If you’ve been reading along, and you’ve finished your PB and J, you will remember that when we last left our helium it was inside a star where it had just been born. But this newborn helium isn’t the last stop – far from it. Today we look at what happens when the helium’s hydrogen parent starts to run low.

When that occurs, the star starts to shrink. Why? Polyester.

No, that’s not it. When the hydrogen runs low, fewer gamma rays come flying out of fewer nuclear reactions. It’s the pressure created by those gamma rays that keeps the Sun from collapsing in on itself. Think how amazing that is! Imagine shining a flashlight at your chest. Just how much does the light push you? Not much, but essentially the same thing happening inside the Sun keeps the whole thing from imploding every moment.

OK, so now we have a shrinking star. As the star shrinks and compresses, the temperature inside goes up, just as a bicycle pump gets hot as it compresses air. This hotter helium starts to move faster and faster, and as it does so it slams into other helium nuclei. But nature has another trick in store.

Helium-4 contains two protons and two neutrons. Two helium-4 nuclei slammed together will give four protons and four neutrons. Try to find this nucleus on the periodic table. Go ahead, I’ll wait.

OK, you didn’t find it. That’s because any element with four protons is beryllium. Add in the four neutrons and you’ve got beryllium-8. But there’s no such thing as beryllium-8, because it falls apart as fast as it can come together. If we had to depend on helium changing into beryllium to keep stars burning, we’d soon have a very dark universe.

Since the universe isn’t dark, you’d probably guess there’s more to the story. And you’d be right. Because helium has another path, one that skips over the beryllium sinkhole. If three helium atoms come together at almost exactly the same time, they can stick. First two come together, and immediately start to move apart again. But before they can separate, a third helium nucleus comes barreling in, and a magical thing happens. Instead of three helium nuclei, we suddenly have something new, something that was never there before. With six protons and six neutrons, the new thing is called carbon-12.

If you’d like an example of carbon-12 in action, close your eyes. OK, now you can’t read, but when you open them again I’ll tell you that the insides of your eyelids are made of carbon-12. So are the outsides, but they’re a lot harder to see unless you’re really gross. Your arms, your legs, your fingers, toes, and belly button (whether you’re an innie or an outie) are all made of carbon-12. And every bit of it came from helium, cooked up inside a star experiencing a hydrogen shortage.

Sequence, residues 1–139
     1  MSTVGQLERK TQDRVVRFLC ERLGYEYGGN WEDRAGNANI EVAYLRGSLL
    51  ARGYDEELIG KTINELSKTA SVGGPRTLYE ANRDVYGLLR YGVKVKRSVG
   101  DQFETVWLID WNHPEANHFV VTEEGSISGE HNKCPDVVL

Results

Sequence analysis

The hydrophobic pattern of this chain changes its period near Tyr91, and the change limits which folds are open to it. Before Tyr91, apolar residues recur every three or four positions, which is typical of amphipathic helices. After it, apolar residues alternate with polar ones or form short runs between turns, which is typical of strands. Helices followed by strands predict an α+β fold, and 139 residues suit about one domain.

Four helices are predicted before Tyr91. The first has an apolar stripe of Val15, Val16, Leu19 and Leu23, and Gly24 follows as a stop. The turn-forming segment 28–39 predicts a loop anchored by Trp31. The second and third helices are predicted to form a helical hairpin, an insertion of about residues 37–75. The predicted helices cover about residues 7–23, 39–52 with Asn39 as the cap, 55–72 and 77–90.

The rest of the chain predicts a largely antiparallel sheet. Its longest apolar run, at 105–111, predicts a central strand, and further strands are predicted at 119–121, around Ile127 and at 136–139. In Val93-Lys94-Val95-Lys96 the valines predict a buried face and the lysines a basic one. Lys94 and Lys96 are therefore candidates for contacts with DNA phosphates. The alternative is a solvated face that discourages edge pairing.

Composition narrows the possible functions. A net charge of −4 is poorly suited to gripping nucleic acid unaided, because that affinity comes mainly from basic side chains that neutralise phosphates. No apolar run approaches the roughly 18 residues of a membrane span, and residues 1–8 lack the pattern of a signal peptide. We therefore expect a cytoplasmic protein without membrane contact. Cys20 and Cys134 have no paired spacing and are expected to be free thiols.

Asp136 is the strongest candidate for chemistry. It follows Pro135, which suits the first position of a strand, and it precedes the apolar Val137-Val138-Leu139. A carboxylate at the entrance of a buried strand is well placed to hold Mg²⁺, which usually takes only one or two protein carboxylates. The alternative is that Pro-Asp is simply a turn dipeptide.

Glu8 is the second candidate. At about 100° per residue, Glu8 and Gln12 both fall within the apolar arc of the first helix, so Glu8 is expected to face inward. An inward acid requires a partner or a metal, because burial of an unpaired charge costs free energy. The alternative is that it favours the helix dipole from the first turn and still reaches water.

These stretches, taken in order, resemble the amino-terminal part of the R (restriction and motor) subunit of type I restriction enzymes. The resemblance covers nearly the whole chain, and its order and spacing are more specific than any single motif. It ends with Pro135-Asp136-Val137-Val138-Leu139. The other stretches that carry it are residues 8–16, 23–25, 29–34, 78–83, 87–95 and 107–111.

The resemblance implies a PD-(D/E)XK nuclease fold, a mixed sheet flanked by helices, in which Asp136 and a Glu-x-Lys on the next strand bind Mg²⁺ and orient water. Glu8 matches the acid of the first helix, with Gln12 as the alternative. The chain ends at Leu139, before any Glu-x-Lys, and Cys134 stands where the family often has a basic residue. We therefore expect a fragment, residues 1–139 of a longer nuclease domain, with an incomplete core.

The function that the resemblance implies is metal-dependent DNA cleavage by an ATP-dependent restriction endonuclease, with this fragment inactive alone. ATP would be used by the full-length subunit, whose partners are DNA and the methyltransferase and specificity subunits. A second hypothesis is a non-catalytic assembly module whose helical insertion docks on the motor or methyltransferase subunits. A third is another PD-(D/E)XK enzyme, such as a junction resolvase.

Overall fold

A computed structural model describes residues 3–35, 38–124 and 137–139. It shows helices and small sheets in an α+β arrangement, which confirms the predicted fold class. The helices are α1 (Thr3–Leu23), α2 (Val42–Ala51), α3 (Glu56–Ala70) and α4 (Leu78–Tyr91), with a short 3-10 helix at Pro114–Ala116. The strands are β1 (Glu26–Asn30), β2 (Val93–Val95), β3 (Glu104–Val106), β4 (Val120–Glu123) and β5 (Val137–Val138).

And yet there’s one more piece of the puzzle, a thought that takes my breath away. This process, called triple alpha (we’ll come back to that “alpha” word in a later blog entry), shouldn’t work very well at all. It should be almost impossible for three helium nuclei to hit at just the right time to form a carbon-12 nucleus. But it turns out that the nuclei don’t have to hit exactly, because of a hidden secret shared by helium and carbon. There is a radioactive form of carbon-12, called a resonance. The energy of that resonance of carbon-12 turns out to be almost exactly the same as the energy of the three helium nuclei that go into making it. And this resonance means that it’s much, much more likely that carbon-12 can form inside a star.

In fact, a scientist named Fred Hoyle predicted that the resonance of carbon-12 had to exist. How did he know? Because he knew that he was made of carb0n! The carbon had to come from the insides of stars, and the only way stars could make enough carbon to make fingers and legs and eyelids and belly buttons and brains that could think of the triple alpha process was if there was a resonance at carbon-12 with just the right energy. Scientists looked for the resonance, and there it was.

Quickly the radioactive carbon=12 fires off a gamma ray and settles down to ordinary carbon-12, and the star can live again. For a while.

Later on, when things get really bad for our helium-burning star, it will either blow off its outer layers (making what’s called a planetary nebula, here’s one now:)

or else the star will explode in a supernova, spilling its insides out all over the place. Even later, the carbon from either kind of star can drift about, settle into a collapsing cloud, and end up on a young planet, where billions of years later it might form the inside of your eyelids. All because helium got hot enough for a threesome! (sorry, couldn’t help myself)